Undergrad Caroline Woody named a contributing author of Science article

Advancing the understanding of HIV treatment

Woody’s figure, which is included in the Science paper, shows separate PLSDA models (top) and corresponding loadings plots (bottom) with the multivariate cytokine signatures for each phase. Credit: Caroline Woody.

Image Caption: Woody’s figure, which is included in the Science paper, shows separate PLSDA models (top) and corresponding loadings plots (bottom) with the multivariate cytokine signatures for each phase. Credit: Caroline Woody.

by Kim Roth

It’s not every day that a first-year undergraduate is named a contributing author on a research article, particularly high-impact work published in the prestigious journal ScienceCaroline Woody, now a sophomore, has earned that distinction.

Last year, Woody began working in the lab of BME Assistant Professor Kelly Arnold through the Undergraduate Research Opportunity Program. Arnold joined the U-M faculty in 2015 and her lab focuses on computational and experimental approaches to provide new systems-level insights into the immune system. Her goal is to use those insights to help develop new diagnostics and therapeutics.

Knowing Arnold’s work, Aftab Ansari, a pathologist and the principal investigator of a research team at Emory University, contacted her about research he was undertaking. The study was looking at adding an antibody against α₄β₇ integrin to antiretroviral therapy (ART) in macaque monkeys infected with the simian immunodeficiency virus (SIV).

The virus is a close relative of the human immunodeficiency virus (HIV), and the researchers hypothesized that the combination therapy could prevent the virus from rebounding after ART treatment was removed.

The researchers chose the antibody because α₄β₇ integrin is believed to help certain immune cells migrate to intestinal tissues. There, the virus propagates in the immune cells during the acute phase of infection.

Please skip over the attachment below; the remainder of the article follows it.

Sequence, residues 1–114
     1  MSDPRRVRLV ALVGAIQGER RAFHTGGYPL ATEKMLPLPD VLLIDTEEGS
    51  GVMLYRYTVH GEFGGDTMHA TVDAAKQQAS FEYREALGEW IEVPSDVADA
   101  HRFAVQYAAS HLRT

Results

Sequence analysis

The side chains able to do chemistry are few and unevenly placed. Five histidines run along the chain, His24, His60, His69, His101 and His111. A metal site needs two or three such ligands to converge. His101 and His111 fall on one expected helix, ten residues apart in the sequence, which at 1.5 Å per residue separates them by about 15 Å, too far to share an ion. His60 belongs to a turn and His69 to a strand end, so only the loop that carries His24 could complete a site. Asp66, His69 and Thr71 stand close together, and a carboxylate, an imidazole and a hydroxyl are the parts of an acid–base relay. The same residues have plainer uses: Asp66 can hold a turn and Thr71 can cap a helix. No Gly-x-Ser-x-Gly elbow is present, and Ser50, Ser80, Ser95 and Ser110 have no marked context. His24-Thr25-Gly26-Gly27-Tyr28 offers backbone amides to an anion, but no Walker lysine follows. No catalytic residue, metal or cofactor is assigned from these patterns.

The macaques treated with ART and the antibody together maintained virologic control even after treatment stopped, prompting the researchers to explore what mechanisms might be involved. The team asked Arnold if her lab would assist.

Enter Woody, who created models to analyze cytokine secretion, or release of cell-signaling proteins, in the macaques infected with SIV before, during, and after treatment phases. Using an approach known as partial least squares discriminant analysis, she discerned distinct cytokine patterns associated with animals who received the experimental treatment versus those who did not. With the data, she created a figure to illustrate her findings, which also was included in the paper.


“It was such a great feeling seeing it come together,” Woody says. “Even though I may have played a very small part in the project, being able to have a hand at all in such potentially impactful research was an honor.”

The research indeed has important implications for HIV treatment in humans.

“For a first-year undergrad to learn an analytical approach and apply it in a way that was useful to this cutting-edge research illustrates just how poised engineering undergrads are to make contributions to the medical field,” Arnold says.

Woody continues to work in Arnold’s lab, currently on the early stages of a study on pulmonary fibrosis and chronic obstructive pulmonary disease. Although she still has two more years of study until she graduates, she’s already considering graduate school. “This whole experience has really reinforced my love for research,” she says.

Woody and Arnold’s work was published in Byrareddy, S.N. et al. Sustained virologic control in SIV macaques after antiretroviral and α₄β₇ antibody therapy. Science, 354 (6309), 197-202; doi: 10.1126/science.aag1276.